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Clicks alone won’t break retail bones

E-commerce may be outpacing overall sales, but bricks–and-mortar stores are once again on the rise, as retailers attempt to serve customers online, on their phones—and in person.

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Video may have killed the radio star, but is e-commerce doing the same to local retailers? Will the rise of everything from Amazon to Zappos take down your neighborhood book store or local shoe shop?

Don’t bet on it.

While the much-touted demise of good ‘ole fashioned “bricks-and-mortar” stores makes for good headlines, the facts tell a far different story. New research from JLL shows that most local retailers are safe for now and probably well into the future—at least from the online revolution.

“People still need to see and touch things; the instant gratification of an in-store purchase can’t be discounted. Retailers who want to thrive will need to incorporate it all—hands-on goods, e-commerce and mobile-commerce.”

Kris Cooper, Managing Director of JLL’s Capital Markets

“Despite e-commerce’s leaps and bounds over the last few years, it still represents a relatively small percentage of total retail sales: 6.0 percent to be exact,” stated JLL’s Cross Sector Outlook, released this spring.

“Remember catalogs? Flipping through the pages, dialing up a call center and placing an order? Web sales are really just replacing that,” said Kris Cooper, a Managing Director of JLL’s Capital Markets. “People still need to see and touch things; the instant gratification of an in-store purchase can’t be discounted. Retailers who want to thrive will need to incorporate it all—hands-on goods, e-commerce and mobile-commerce.”

The Urban Land Institute drew similar conclusions in its recent report, “Emerging Trends in Real Estate 2014.” Retailers are using real estate to fashion a “bi-channel” approach to their businesses, one logistics executive told Institute researchers. “While one retailer decreases its footprint… another opens up more distribution warehouses for same-day delivery. Those lines are converging.”

Many bricks-and-mortar retailers are now promoting online sales through their own web and mobile sites, while some e-tailers are trying their hands at physical stores.

Despite these emerging structural challenges and newly announced store closings, including Radio Shack, Office Depot and Coldwater Creek, the U.S. retail sector has continued to make a solid recovery, and market conditions are even tightening, JLL found.

“Right now, it’s all about high-quality, grocery-anchored centers and trophy malls. Demand for those asset types is incredible right now—if only we could convince all the owners to bring those to market!”

Margaret Caldwell, Managing Director of JLL’s Capital Markets

More and more space is being leased by retail tenants, with consumption of available space up by nearly 50 percent from 2012 to 2013. Increased demand means higher rents, which are expected to increase 2.7 percent this year, though they remain below pre-recession levels, JLL research shows. Open-air shopping centers, also known as power centers, in particular, are punching above their weight class, experiencing the tightest overall market conditions with just over 5 percent of available space vacant.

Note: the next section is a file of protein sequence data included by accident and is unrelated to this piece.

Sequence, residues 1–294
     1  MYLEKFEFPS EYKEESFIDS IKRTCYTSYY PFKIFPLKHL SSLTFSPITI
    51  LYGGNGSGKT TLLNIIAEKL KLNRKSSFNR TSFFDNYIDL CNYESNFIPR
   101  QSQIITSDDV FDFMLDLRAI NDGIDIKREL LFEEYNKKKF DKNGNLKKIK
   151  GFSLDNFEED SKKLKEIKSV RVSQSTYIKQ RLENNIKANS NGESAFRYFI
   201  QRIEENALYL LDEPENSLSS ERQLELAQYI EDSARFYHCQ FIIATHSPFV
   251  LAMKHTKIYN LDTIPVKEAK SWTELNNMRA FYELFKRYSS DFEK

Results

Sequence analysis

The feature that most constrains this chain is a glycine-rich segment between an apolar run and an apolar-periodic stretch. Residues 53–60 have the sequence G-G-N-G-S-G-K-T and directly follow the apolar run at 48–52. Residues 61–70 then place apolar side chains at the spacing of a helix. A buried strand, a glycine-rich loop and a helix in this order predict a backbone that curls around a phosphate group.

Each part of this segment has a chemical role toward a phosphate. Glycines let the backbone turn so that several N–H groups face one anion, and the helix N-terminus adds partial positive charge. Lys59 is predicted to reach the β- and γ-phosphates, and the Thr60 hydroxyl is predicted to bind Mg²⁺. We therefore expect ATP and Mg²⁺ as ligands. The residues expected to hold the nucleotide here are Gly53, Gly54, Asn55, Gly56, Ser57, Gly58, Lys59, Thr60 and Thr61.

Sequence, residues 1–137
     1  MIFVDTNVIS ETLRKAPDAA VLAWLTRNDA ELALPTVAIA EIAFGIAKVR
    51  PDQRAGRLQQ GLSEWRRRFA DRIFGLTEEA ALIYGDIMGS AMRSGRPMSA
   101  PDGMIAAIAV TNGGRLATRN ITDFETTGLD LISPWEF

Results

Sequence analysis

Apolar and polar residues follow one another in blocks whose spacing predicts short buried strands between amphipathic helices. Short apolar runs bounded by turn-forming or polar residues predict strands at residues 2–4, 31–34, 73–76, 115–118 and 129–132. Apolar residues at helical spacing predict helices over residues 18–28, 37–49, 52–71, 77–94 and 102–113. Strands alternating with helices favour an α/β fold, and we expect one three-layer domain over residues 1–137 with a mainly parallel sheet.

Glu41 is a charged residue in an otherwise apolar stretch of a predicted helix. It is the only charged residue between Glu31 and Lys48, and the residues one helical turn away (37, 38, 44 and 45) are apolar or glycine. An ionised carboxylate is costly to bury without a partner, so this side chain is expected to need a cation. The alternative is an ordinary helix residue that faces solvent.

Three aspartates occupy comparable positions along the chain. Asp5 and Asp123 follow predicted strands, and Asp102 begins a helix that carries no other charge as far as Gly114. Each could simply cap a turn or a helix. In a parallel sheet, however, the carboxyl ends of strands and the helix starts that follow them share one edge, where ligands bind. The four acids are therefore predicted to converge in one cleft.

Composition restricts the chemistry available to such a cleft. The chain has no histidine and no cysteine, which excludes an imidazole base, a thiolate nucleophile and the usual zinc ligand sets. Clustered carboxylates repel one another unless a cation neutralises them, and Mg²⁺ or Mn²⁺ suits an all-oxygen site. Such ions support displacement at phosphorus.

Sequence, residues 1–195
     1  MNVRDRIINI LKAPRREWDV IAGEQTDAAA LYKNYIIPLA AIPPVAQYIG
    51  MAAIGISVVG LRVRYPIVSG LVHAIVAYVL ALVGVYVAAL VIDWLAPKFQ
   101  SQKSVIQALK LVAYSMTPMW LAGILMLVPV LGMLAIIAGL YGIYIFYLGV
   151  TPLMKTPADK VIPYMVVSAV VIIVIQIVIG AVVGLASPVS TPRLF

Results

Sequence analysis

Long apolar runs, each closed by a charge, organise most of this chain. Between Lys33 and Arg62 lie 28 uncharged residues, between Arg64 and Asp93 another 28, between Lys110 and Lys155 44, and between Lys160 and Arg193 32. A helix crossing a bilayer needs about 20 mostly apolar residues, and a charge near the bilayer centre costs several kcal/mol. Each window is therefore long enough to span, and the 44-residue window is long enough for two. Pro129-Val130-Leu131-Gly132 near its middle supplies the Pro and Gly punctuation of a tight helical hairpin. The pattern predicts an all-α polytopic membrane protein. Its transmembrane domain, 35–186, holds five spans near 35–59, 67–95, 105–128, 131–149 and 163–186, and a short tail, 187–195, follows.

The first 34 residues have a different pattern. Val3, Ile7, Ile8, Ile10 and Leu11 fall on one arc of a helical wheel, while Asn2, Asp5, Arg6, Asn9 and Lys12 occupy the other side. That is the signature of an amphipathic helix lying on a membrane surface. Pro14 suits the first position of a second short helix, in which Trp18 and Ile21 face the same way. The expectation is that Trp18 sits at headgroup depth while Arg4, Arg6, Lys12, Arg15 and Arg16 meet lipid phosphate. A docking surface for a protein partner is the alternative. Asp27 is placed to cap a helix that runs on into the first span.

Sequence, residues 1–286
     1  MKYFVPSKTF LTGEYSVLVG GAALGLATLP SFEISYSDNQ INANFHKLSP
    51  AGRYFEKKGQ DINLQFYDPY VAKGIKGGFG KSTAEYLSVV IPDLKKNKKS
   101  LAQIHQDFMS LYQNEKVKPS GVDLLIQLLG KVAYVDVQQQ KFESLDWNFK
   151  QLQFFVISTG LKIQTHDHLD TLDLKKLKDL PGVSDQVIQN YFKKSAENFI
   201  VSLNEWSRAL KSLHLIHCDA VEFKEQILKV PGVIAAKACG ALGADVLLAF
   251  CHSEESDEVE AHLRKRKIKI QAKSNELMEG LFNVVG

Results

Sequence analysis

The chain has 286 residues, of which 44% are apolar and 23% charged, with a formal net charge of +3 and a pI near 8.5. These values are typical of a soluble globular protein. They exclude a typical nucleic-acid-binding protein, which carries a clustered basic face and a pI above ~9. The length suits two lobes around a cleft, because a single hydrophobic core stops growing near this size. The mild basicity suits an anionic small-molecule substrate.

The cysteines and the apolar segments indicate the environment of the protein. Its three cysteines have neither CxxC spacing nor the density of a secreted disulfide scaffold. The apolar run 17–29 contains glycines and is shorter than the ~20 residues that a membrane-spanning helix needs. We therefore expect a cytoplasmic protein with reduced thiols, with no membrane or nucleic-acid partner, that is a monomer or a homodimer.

What does this mean for the health of the retail investment sales and financing market? Investors have wasted no time hopping back on the retail bandwagon, particularly in core markets where newly available product often produces a “feeding frenzy.” In February, Savanna, a real estate private equity firm, purchased retail condominiums at 10 Madison Square West in New York for $60 million (more than $2,900 per square foot). Prices for retail properties are among the best performers in commercial real estate, posting a 23 percent increase in 2013, with similar gains expected this year, according to Moody’s/RCA CPPI for retail.

“Right now, it’s all about high-quality, grocery-anchored centers and trophy malls. Demand for those asset types is incredible right now—if only we could convince all the owners to bring those to market!” said Margaret Caldwell, Managing Director of JLL’s Capital Markets. “Investment in the gateway cities is strong, as always—but watch for a few dark horses to emerge in the coming months. Markets like Phoenix and Indianapolis could make some real headway by the end of the year.”

And there’s plenty of debt financing to go around, with life insurance companies increasing their allocations this year and domestic banks reporting stronger demand for commercial property loans. Money from commercial mortgage-backed securities is also plentiful, with retail accounting for 20 percent of all CMBS deals in the first quarter of 2014.

Some equity joint venture equity players were holding back on retail, waiting to gauge the impact of the e-commerce invasion. But no longer. “Watch for equity to make some significant strides in the retail space in the coming year as well,” said Mark Brandenburg, Executive Vice President of JLL’s Capital Markets. “Now that things have settled down a bit, many find they are under-allocated in the retail space and they’ll need to make some big plays to balance things out.”